“Road Trip Cone of Silence,” one of the stories in Behind Closed Doors, takes place over a day-long road trip between Henry (who you met in Out in the Open) and Nolan. They go from strangers to enemies to sorta friends to sorta more to...well, I won’t ruin the fun for you.
Summer is the time for road trips. Lots of sunlight. Warm weather. No snow to deal with. If you’re planning on taking a car trip, here are some Do’s and Don’t’s to keep in mind:
DO bring music. No matter if you’re perfect strangers or the best of friends, there will be lulls in conversation. At some point, you will just want to zone out and listen to music. You can’t always trust you’ll get radio reception. Make sure you have CD’s or an iPod or an app you can plug into the car’s stereo. Don’t use headphones. That’s just rude. Let the music fill in the silences. In college, on one of those 14 hour road trip, my friend brought his entire NOW collection. Whenever conversation waned, we took a trip down memory lane.
DON’T worry about eating healthy. I try to eat healthy most of the time, but not when I’m on a road trip. Your only food options will be fast food or gas station convenience store food. Avoid searching for the healthiest option on their menus. Don’t waste your time. It’s all unhealthy. Even Subway isn’t that healthy. You’re on a road trip. Suck it up, eat some McDonald’s. You can return to your normal eating habits once the trip is over. That being said...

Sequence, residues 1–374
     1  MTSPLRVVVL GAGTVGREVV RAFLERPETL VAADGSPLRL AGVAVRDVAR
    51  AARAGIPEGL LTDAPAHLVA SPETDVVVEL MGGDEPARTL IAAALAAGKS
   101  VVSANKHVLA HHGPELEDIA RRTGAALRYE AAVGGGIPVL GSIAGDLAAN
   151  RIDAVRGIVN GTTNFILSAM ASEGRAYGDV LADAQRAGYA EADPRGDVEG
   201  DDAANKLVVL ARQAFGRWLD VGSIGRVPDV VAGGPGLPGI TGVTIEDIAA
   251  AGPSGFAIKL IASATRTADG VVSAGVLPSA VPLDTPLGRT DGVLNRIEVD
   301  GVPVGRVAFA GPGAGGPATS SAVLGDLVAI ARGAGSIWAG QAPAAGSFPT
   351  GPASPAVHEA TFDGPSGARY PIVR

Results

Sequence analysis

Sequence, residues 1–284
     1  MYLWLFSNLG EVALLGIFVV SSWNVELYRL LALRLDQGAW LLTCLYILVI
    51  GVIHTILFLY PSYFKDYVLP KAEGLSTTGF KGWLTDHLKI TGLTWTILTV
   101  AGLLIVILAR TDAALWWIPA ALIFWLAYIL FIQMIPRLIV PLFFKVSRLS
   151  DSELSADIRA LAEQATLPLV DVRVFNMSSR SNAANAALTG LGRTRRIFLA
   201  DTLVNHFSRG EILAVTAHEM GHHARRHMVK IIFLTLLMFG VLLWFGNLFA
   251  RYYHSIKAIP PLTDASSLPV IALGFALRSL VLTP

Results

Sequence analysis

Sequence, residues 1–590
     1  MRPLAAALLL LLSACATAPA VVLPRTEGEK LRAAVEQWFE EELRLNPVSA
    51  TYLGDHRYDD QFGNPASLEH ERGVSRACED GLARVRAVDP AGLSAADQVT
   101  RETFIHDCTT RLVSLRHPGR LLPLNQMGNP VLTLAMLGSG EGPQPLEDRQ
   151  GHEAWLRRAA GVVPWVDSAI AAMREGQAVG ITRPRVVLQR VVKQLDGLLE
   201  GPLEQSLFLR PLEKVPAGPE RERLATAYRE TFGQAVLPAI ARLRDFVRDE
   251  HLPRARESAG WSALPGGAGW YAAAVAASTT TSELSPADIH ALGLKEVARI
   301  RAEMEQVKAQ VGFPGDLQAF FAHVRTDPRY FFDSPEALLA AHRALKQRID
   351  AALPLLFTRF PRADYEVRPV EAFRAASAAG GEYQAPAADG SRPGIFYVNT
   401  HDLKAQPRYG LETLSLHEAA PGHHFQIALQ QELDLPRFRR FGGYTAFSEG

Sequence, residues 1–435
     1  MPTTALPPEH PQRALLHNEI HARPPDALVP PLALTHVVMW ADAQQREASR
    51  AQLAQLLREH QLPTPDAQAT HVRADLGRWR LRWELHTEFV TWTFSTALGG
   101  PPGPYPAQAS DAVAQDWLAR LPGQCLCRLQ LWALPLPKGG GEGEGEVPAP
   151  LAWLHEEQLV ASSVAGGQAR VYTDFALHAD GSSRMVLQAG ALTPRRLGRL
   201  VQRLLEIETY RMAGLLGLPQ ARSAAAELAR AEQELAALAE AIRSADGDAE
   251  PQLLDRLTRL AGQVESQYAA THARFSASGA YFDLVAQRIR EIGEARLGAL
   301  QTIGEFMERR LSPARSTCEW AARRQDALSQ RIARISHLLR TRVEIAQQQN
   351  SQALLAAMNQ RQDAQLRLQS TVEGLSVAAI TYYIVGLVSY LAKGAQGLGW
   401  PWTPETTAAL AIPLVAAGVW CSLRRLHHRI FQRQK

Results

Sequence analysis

DO pack fruit, veggies, and/or healthy car snacks. If your road trip lasts more than a day, consider packing some healthy snacks in your car. My road trip from Minnesota to Texas lasted 7 days, and during that time, the only thing I ate was fast food, hotel breakfasts, and nice(r) dinners out. Sounds great, right? Not quite. All that heavy food was messing with my body, giving me headaches. By day 5, I was CRAVING vegetables and fruit. Having some healthy, or less decadent, snacks in the car will offset the onslaught of rich food.
DON’T save pictures for sightseeing. You don’t want a photo album consisting of shots of only national monuments. A road trip is as much about the journey as the destination. In between snapping pics of the Grand Canyon or World’s Largest Ball of Twine, take pictures of having fun in the car or y’all at random rest stops. Chances are, those little moments will be more memorable than the typical “sightseeing” ones.
DO take advantage of rest stops. Even if you don’t have to go to the bathroom, pull over and do some stretches. You may worry about making good time, but taking 10 minutes to stretch and pee is worth it. The fresh air will give you an energy boost. And you never know when the next rest stop is.
All great tips! Thanks, AJ!
More about AJ Truman:
A.J. Truman remembers his college days like it was yesterday, even though it was definitely not yesterday. He writes books with humor, heart, and hot guys. What else does a story need? He loves spending time with his pets and his partner and writing on his sun porch. You can find him on Facebook or email him at ajtruman.writer [at] gmail [dot] com.
Promotional post. Materials provided by the author.